India’s mission to the lunar surface

India is on it’s way to the moon for the second time but this time, its a step closer than before. 

With just a week left for touchdown, I think its time for me to pen down about this mission. 

I always enjoy writing about space articles and this time, I  write with pride. As this is from my motherland. India. 

Chandrayaan-2 launched on July 22 from Satish Dhawan Space Centre, lifting off on top of the GSLV Mk III (Geosynchronous Satellite Launch Vehicle Mark III) rocket just days after NASA celebrated its 50th anniversary  of the Apollo 11 landing. 

This is the first space mission that’s on its way to make a soft landing on the moon’s south pole. Its a great day for Indian space history once again.

The What

This box shaped craft is carrying an orbiter, a lander called Vikram and a six wheeled rover named Pragyan. 

The orbiter weighing 2379 kilos with electric power generation capability of 1000 watts. It will be set to orbit the moon’s polar region with its one year life mission. 

The Lander, Vikram weighs 1471 kilos and electric power generation capability of 650 watts. The lander was named after the father of Indian Space Programme – Dr. Vikram A Sarabhai. 

And the rover, Pragyan, which means “wisdom” in sanskrit. weighs 27 kilos with electric power generation capability of 50 watts. It is a six wheeled robotic vehicle that can travel upto 500 m and uses solar energy to function.

Both the orbiter and the lander will communicate with the Indian Deep Space Network at Byalalu near Bangalore. However, the rover communicates only with the Lander. Both the rover and lander are expected to work only for half a lunar day, that is, 14 Earth days due to the cold lunar nights.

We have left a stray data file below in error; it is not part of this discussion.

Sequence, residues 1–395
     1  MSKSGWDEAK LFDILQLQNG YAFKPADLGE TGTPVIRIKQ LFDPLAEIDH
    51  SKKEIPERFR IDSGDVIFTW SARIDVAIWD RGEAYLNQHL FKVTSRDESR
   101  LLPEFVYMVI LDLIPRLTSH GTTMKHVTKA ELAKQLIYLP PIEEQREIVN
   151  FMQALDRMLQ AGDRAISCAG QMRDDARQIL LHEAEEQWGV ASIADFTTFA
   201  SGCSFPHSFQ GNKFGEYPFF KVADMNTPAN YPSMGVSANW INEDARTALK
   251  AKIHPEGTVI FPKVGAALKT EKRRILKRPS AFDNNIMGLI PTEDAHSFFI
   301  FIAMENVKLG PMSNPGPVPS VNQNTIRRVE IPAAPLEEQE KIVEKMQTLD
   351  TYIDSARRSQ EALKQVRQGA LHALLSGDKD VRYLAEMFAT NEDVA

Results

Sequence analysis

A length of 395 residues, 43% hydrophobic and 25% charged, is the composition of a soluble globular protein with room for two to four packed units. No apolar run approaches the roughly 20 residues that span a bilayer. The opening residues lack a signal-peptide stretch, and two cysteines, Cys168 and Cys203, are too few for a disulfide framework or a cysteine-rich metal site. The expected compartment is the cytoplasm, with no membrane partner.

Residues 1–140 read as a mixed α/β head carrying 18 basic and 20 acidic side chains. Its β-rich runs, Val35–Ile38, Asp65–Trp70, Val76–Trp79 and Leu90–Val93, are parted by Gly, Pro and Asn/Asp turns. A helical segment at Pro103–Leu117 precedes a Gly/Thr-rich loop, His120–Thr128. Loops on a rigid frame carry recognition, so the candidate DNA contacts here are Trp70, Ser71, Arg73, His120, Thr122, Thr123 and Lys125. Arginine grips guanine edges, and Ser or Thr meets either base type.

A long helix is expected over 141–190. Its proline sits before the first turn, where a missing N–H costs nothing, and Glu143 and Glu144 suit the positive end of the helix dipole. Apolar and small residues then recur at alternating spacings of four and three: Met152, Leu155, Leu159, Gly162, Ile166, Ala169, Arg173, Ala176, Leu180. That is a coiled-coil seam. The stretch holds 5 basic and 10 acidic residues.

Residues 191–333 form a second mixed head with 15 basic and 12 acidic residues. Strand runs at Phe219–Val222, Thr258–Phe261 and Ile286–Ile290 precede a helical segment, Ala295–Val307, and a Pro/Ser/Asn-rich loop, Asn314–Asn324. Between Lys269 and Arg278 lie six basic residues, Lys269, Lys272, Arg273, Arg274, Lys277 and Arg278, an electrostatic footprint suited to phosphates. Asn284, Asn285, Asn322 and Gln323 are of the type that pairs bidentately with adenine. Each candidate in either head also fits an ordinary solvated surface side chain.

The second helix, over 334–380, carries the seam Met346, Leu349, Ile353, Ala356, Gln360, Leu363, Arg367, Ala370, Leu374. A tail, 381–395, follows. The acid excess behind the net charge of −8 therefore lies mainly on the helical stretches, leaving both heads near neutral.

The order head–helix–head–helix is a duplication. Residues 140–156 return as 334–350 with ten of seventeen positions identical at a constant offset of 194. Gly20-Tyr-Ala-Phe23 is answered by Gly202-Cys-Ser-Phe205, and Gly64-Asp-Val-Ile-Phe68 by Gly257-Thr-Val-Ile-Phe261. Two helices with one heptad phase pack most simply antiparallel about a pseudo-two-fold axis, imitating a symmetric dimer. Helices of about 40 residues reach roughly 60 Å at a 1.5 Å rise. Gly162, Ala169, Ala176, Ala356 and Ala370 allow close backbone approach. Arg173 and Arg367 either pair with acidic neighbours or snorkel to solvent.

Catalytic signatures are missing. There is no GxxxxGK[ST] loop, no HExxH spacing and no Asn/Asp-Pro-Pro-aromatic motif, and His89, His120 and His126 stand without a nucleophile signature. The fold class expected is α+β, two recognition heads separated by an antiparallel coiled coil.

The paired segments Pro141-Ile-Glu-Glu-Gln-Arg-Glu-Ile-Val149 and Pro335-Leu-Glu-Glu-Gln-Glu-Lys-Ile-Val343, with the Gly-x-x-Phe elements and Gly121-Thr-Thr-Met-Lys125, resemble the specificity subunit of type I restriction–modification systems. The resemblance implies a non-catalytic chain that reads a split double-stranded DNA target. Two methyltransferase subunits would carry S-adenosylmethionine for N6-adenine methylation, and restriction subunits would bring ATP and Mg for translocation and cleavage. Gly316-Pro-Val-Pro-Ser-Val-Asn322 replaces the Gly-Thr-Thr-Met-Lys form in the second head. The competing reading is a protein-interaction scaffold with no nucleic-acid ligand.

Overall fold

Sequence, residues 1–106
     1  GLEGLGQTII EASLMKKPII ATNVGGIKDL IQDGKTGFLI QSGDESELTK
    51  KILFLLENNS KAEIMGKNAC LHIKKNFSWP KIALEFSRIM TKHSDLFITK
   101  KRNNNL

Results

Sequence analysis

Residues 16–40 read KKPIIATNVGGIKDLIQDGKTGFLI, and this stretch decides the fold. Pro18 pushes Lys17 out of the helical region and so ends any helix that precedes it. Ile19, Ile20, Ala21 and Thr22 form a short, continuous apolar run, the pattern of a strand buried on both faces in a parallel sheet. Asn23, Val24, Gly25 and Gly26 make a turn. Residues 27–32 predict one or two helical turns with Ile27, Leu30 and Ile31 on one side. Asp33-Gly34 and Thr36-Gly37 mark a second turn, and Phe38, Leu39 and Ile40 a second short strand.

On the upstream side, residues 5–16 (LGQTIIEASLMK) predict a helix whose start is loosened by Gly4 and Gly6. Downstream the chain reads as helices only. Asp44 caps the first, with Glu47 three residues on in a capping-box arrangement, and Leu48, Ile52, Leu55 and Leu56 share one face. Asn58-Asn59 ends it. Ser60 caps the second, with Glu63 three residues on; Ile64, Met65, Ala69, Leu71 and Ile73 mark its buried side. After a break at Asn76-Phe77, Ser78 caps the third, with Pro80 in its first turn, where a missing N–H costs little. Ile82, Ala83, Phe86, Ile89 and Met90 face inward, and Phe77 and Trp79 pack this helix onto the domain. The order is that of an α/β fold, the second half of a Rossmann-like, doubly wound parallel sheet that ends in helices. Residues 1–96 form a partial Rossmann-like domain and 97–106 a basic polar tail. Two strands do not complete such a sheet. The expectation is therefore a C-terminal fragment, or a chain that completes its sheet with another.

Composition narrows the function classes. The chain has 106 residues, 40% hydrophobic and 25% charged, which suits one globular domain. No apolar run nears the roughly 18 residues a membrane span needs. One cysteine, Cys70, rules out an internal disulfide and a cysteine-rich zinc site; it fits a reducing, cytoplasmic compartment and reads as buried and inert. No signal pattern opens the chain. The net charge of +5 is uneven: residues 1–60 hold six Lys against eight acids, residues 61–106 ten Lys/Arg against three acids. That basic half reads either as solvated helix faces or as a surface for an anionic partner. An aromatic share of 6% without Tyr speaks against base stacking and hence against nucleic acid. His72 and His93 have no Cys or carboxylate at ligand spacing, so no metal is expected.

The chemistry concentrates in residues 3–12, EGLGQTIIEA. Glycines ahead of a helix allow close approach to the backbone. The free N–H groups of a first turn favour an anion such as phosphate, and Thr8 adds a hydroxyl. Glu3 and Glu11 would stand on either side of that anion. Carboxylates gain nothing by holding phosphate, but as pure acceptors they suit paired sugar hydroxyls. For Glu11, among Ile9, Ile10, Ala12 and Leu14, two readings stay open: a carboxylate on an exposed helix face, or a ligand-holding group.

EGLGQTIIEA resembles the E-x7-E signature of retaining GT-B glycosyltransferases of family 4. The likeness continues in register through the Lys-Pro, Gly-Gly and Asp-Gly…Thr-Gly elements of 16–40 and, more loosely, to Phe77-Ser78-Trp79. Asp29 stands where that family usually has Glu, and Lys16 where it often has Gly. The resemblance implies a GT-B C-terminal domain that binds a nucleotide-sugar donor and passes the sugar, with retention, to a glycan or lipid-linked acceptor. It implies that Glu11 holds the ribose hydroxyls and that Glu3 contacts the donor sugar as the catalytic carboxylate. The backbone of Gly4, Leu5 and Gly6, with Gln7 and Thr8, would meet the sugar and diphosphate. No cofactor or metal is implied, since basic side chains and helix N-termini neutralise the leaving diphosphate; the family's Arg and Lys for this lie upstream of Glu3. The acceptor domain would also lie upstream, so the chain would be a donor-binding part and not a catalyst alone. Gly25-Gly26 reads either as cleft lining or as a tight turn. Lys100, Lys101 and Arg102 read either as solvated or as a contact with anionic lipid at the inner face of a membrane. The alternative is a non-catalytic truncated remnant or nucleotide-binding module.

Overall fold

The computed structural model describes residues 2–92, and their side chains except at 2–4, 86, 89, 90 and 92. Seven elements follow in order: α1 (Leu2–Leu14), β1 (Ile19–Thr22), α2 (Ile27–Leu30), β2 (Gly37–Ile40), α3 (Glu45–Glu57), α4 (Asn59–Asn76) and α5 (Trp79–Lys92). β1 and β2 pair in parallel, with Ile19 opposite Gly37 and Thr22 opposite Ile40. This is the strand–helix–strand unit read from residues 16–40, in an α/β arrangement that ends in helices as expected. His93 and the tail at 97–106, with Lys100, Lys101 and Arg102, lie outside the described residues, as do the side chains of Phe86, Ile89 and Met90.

The lander-orbiter pair is already on the lunar orbit, will separate on September 2nd 2019. The orbiter will be in a 100m altitude circular polar orbit and the Vikram lander will soft land in the high latitude areas near the south pole, between the two craters, Manzinus C and Simpellius N, on 7th September 2019. 

The Why

All three of them are packed with instruments to conduct scientific experiments. Although the main objective is to check ability to soft land on the Moon’s surface, it is also accompanied with the mission to study the lunar surface. ISRO stated that, “The payloads will collect scientific information on lunar topography, mineralogy, elemental abundance, lunar exosphere and signatures of hydroxyl and water-ice.” 

Read more techy details about the mission’s instruments here.

Here are some of the pictures that Chandrayaan 2 captured on its way to the Moon. 

Here is a look at a brief about the mission from ISRO

GSLV MkIII-M1/Chandrayaan2 Mission Launch Kit
Credits and References: ISRO 
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